Populations across the globe experience food insecurity, including in high-income countries. Estimates indicate that 17.2% of the world population have experienced food insecurity at moderate levels (i.e., they do not have regular access to nutritious and sufficient food due to lack of money, even if they’re not necessarily suffering from hunger), and 11% of households in the U.S. experienced food insecurity at times in 2018.12 While food insecurity is closely related to poverty – 35.3% of households below the poverty line experienced food insecurity in 2018 – it’s also important to note that people living above the poverty line experience food insecurity.13 There are also racial and ethnic disparities associated with food insecurity, as rates are substantially higher among black and Hispanic households.12 

Ideas for Action

Employers can promote access to healthy food by offering nutritious items in on-site cafes and vending machines – and importantly – reducing the cost of these items, especially in comparison to less nutritious items. They should also carefully consider the ratio of healthy to unhealthy items offered and prioritize a higher volume of nutritious food. 
Additional actions employers can take to address food access and affordability issues include:  

  • Bringing produce markets on-site;
  • Offering prepared take-home meals for purchase;
  • Partnering with local grocery stores to offer employee discounts on nutritious food;
  • Offering discounts on meal or grocery delivery services; and
  • Offering meal vouchers or free meals in country locations.

Ideas in Action

Example 1

A large employer is making healthy food more affordable for employees through its Grocery Discount Card program. Eligible employees automatically receive a discount card within weeks of enrolling in an eligible medical plan option. Once participants register the card on the program’s website or app, it’s pre-loaded each week with up to $50 in savings on featured healthy foods at participating grocery stores. Employees scan their card or app at the grocery checkout to receive their discounts.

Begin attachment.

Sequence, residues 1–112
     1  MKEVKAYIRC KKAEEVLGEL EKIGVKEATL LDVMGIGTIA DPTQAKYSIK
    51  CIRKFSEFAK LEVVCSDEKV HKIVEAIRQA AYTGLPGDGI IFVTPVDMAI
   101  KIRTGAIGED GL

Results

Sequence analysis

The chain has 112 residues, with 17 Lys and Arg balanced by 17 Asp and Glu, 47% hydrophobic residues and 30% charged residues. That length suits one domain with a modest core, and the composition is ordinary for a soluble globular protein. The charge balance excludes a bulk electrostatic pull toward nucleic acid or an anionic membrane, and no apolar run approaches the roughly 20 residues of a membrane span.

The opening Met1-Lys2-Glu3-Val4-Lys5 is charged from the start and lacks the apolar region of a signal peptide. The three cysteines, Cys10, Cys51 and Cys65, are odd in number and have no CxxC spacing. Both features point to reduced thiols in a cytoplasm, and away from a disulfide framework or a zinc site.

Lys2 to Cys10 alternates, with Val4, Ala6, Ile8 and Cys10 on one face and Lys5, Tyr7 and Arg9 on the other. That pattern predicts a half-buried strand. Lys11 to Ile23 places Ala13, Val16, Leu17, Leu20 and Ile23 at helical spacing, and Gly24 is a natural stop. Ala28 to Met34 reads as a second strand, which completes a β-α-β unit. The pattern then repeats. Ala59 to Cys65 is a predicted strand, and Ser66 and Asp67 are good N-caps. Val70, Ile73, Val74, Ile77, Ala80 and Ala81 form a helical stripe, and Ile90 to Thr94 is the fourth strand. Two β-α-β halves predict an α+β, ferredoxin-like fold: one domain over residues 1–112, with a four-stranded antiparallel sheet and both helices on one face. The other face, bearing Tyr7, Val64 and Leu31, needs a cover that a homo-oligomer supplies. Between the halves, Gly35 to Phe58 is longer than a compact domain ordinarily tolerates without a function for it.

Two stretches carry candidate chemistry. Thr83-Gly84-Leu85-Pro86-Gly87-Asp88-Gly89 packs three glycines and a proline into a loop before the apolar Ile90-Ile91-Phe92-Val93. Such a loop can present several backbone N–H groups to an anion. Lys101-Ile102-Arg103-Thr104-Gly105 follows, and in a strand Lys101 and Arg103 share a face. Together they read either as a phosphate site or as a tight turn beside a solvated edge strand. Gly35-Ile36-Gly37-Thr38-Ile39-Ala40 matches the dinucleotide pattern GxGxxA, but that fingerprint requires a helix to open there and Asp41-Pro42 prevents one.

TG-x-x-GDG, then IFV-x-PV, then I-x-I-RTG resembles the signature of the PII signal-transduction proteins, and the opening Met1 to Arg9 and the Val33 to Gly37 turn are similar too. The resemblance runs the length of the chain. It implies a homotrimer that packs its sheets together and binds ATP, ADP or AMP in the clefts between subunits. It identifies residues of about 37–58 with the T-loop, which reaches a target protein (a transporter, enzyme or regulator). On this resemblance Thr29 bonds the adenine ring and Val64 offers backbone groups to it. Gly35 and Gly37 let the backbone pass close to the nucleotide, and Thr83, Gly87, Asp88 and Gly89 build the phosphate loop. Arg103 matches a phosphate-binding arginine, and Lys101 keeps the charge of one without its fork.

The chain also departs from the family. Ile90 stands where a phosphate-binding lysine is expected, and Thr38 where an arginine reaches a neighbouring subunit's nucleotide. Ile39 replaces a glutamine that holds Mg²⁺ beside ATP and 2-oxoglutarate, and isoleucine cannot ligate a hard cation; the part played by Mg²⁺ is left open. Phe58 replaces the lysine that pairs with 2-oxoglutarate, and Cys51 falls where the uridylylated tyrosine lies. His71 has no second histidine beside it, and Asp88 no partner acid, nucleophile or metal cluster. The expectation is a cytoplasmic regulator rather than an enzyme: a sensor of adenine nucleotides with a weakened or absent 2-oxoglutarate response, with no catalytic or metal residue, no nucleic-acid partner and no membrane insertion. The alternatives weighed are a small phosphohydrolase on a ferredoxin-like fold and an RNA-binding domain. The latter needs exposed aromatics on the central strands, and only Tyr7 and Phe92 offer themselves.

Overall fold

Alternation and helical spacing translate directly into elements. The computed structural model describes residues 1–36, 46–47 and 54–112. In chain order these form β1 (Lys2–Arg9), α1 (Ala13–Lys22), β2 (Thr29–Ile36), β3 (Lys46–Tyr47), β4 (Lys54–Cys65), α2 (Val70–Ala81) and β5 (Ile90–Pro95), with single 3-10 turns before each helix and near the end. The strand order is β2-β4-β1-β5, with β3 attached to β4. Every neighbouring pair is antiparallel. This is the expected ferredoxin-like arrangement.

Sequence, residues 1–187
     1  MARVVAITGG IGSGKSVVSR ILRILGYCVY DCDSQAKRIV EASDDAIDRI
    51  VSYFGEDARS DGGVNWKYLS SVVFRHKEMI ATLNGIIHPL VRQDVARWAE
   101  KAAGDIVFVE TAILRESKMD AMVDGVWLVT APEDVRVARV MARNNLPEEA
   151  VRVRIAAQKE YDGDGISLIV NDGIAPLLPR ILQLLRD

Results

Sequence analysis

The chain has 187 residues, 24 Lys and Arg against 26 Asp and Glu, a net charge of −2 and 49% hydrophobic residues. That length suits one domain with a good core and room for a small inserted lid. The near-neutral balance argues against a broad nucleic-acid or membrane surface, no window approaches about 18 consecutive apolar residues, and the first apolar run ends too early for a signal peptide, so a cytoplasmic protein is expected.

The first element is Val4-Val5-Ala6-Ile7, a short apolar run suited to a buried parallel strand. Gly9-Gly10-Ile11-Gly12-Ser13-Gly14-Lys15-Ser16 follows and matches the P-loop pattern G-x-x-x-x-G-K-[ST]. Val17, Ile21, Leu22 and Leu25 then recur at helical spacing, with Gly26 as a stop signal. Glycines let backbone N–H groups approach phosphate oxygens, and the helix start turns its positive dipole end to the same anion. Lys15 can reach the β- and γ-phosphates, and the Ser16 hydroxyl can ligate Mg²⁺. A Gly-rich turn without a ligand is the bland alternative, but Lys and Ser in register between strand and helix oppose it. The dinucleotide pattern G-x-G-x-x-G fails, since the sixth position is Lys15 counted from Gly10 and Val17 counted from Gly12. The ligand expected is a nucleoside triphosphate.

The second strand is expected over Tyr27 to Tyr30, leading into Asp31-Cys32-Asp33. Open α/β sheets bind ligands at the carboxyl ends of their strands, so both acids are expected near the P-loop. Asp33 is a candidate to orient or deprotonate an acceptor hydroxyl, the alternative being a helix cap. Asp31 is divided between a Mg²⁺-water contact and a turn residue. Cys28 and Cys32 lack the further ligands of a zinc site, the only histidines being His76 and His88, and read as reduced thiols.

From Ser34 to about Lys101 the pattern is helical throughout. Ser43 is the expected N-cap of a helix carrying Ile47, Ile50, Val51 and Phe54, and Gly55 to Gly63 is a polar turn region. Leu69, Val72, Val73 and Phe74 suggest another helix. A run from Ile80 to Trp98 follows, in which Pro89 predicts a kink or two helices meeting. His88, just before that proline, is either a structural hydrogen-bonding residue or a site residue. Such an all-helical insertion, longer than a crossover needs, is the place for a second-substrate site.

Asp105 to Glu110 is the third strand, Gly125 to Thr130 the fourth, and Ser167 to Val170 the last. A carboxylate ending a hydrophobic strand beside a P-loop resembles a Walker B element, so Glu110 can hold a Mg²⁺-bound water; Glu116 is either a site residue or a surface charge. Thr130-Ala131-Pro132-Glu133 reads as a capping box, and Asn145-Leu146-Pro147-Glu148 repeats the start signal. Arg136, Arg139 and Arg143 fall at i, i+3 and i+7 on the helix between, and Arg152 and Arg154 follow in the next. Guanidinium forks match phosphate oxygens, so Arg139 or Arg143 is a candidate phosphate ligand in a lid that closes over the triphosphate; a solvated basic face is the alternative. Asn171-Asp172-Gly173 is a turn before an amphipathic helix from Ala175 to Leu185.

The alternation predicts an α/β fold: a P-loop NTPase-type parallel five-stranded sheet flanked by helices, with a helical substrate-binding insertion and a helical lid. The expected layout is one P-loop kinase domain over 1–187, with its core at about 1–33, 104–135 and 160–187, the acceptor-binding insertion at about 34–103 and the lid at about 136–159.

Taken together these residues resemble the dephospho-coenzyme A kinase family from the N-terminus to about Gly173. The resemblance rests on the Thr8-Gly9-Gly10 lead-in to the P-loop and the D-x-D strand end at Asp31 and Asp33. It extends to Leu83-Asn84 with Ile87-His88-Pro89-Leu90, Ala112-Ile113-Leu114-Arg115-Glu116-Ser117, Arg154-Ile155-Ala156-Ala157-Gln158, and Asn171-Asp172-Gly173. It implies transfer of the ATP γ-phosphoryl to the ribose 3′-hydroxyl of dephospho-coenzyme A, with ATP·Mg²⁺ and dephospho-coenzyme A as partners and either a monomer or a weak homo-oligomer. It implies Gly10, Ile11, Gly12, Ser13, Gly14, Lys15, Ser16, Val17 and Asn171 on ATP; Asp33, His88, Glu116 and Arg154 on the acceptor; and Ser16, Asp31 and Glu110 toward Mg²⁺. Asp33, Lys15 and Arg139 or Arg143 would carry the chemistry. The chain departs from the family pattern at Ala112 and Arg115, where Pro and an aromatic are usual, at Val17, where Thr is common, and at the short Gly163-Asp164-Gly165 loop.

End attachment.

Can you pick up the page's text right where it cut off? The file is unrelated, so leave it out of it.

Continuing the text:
Employees making less than $50,000 a year receive an additional 25% discount on fresh produce, up to $5/week. Any food item in the fresh produce area of participating retailers qualifies.

The program promotes products that rank in the healthiest top third of the foods in a typical grocery store. The foods are rated within the independent and nationally renowned Guiding Stars® nutrition guidance system, which is aligned with the dietary guidelines of the Food and Drug Administration (FDA) and the U.S. Department of Agriculture (USDA).

The employer began piloting this program for employees within a 30-mile radius of a participating grocer in Illinois, Minnesota, New Jersey, New York, Virginia, Wisconsin and Washington, D.C. on January 1, 2019. In mid-2019, the program expanded to Maryland.

Example 2

In some global markets, employers provide meal vouchers for their employees or free food in the workplace. For example, in Europe, many programs stem from the end of the WWII, when it was common to provide at least one hot meal a day to bolster the workforce and increase productivity. In Mexico, the Law of Alimentary Assistance for Workers (Ley de Ayuda Alimentaria para los Trabajadores, LAAT) was adopted to promote and regulate the implementation of food assistance to protect workers’ health, improve their nutritional status and prevent diseases linked to poor nutrition.14